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Mark Wiedmer

Stories by Mark

KNOXVILLE — Tennessee football coach Butch Jones has said it before this summer. Said it quite often, actually. But the words carried a bit more weight a mere five days from the Volunteers' season opener against Utah State on Sunday evening.

I hope we can all agree that the only fair site for any football game between the Atlanta Falcons and Tennessee Titans — at least those of the exhibition variety — is to play it right here in our own Finley Stadium, given that it's basically equal distance from both NFL franchises' home venues.

When the University of Tennessee's 118th football season kicks off one week from today against Utah State, an old argument may well resurface about which opponent Volunteers fans hate most — Alabama, which owns seven straight wins over UT, or Florida, which has won nine in a row over the Big Orange.

If you've spent most of the summer wondering what happened to that Atlanta Braves team that won 17 of its first 24 games to open the season, well, it appears those guys just may be baa-a-a-a-ack!

If you haven't seen Johnny Manziel's one-fingered salute to the Washington Redskins by now, good for you. You're apparently more well-rounded than those of us who refuse to go to sleep until we've seen the Left Coast version of "SportsCenter."

If the National League playoffs began today, the Atlanta Braves would be dusting off their golf clubs. A mere three games over .500 heading into Sunday night's 4-3 win over Oakland, losers of 12 of their last 17 before ESPN's television cameras arrived for the series finale, the Braves currently stand third for the NL's two wildcard spots, and they've been going backwards.

Ask 100 college football fans what they like best about the sport and chances are you'll get 100 different answers.

KNOXVILLE — At Vanderbilt, the new SEC Network cameras were supposed to visit a women's soccer game Thursday evening.

ATLANTA — In a little less than an hour, the rampaging Los Angeles Dodgers would face the reeling Atlanta Braves at Turner Field.

ATLANTA — Nobody beats the Atlanta Braves six straight times in the same season.

Could all this gnashing of teeth and nibbling of nails about the future of professional golf have been a tad bit of wasted energy and angst?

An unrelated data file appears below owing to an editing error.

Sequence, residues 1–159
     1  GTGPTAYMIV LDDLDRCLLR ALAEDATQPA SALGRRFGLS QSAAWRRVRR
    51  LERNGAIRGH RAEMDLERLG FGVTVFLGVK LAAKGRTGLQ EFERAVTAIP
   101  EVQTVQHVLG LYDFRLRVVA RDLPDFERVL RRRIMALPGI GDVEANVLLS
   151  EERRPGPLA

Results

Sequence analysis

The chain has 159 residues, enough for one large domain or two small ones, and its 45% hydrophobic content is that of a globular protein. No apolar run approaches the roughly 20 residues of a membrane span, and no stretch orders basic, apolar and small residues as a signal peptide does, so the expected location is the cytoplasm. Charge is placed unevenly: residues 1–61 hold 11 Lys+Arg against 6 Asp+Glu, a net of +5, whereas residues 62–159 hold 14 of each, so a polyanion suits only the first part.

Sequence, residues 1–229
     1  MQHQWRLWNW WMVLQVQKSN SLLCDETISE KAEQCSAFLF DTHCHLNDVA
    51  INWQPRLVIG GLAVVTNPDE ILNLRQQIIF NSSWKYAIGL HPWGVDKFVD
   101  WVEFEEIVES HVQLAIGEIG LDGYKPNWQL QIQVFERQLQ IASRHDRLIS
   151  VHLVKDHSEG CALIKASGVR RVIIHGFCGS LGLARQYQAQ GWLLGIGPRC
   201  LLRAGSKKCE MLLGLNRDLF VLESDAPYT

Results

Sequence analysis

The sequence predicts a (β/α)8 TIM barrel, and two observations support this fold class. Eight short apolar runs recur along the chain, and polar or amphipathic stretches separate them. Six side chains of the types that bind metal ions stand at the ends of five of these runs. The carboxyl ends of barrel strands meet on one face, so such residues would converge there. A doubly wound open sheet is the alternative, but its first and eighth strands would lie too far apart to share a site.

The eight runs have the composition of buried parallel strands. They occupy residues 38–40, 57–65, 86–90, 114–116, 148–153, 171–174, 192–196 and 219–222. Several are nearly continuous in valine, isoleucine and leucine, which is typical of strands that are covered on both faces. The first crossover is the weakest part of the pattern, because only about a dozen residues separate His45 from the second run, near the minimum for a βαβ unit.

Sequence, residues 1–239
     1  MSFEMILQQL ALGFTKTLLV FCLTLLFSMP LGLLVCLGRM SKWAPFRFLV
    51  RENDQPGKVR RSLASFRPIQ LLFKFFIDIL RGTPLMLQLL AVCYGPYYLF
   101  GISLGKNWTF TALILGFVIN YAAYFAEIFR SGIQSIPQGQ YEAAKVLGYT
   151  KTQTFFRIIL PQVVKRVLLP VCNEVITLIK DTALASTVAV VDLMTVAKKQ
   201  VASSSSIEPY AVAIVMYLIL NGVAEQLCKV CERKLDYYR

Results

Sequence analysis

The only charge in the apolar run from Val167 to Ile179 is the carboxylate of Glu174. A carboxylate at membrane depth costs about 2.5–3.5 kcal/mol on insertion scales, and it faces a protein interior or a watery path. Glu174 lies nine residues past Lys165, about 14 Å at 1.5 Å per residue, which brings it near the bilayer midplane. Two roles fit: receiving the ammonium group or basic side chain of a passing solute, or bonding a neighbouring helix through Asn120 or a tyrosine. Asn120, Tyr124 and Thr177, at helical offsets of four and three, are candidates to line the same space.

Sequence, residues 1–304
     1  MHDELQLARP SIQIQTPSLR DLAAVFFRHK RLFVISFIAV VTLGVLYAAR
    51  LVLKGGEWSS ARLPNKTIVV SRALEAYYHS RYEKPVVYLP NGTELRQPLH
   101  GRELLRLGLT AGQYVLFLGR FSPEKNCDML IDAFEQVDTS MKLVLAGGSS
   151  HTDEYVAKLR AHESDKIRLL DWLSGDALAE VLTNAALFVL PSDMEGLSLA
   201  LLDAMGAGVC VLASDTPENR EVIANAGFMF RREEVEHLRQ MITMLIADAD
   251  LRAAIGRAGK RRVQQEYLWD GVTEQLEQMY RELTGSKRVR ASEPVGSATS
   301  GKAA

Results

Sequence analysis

On Saturday afternoon at the sauna known as Finley Stadium, the University of Tennessee at Chattanooga football team did what college football teams do this time of year. It scrimmaged, the humidity be darned.

Three years worth of two-a-day workouts in his hip pocket, University of Tennessee at Chattanooga redshirt junior defensive tackle Josh Freeman had some wise words Tuesday for true freshman running back Richardre Bagley.

The symposium was supposed to focus on soccer concussions, which actually may surpass football concussions in frequency in this country when you include both males and females.

They are questions to keep those of faith, whatever their faith, awake late into the night.

As the first day of Tennessee's preseason football practices ended Friday evening, senior linebacker A.J. Johnson made the following observations to the assembled media: "I came back [rather than opting for the NFL] to be the best we can be, but we're taking it one day at a time. Like today, we had a great practice today, we'll come back and have one more practice. That's our motto: One day at a time."

KNOXVILLE — Just in case you needed another reminder of why life isn't fair, we use today's press ink and newsprint to focus on University of Tennessee senior defensive lineman Jordan Williams.

The scene is from the 1978 remake of "Heaven Can Wait." An angel having just placed his soul inside the body of a ruthless industrialist, a well-intentioned Warren Beatty offers a simple solution for all the innocent porpoises the industrialist's tuna canning company is accidentally killing in its nets.

Austin and Ty Dillon woke up Tuesday morning in Watkins Glen, N.Y., ready to run a few tests laps over the nation's most famous road course in preparation for the NASCAR races scheduled there for the weekend of Aug. 9.

You just don't coach football for 16 years at your alma mater, win a national championship and 70 percent of your games and not sometimes wish your stay had been longer.

They are who we've always thought they are ... pure class. What else needs to be said after Atlanta Braves legends Bobby Cox, Tom Glavine and Greg Maddux were all inducted into the Hall of Fame on Sunday?

KIMBALL, Tenn. — At least the kid was honest.

Deftly stacked atop Vanderbilt baseball coach Tim Corbin's office desk, the pile of handwritten letters and printed-out emails has grown to almost a foot tall, each one a thank-you note for the school's first national championship in a men's sport.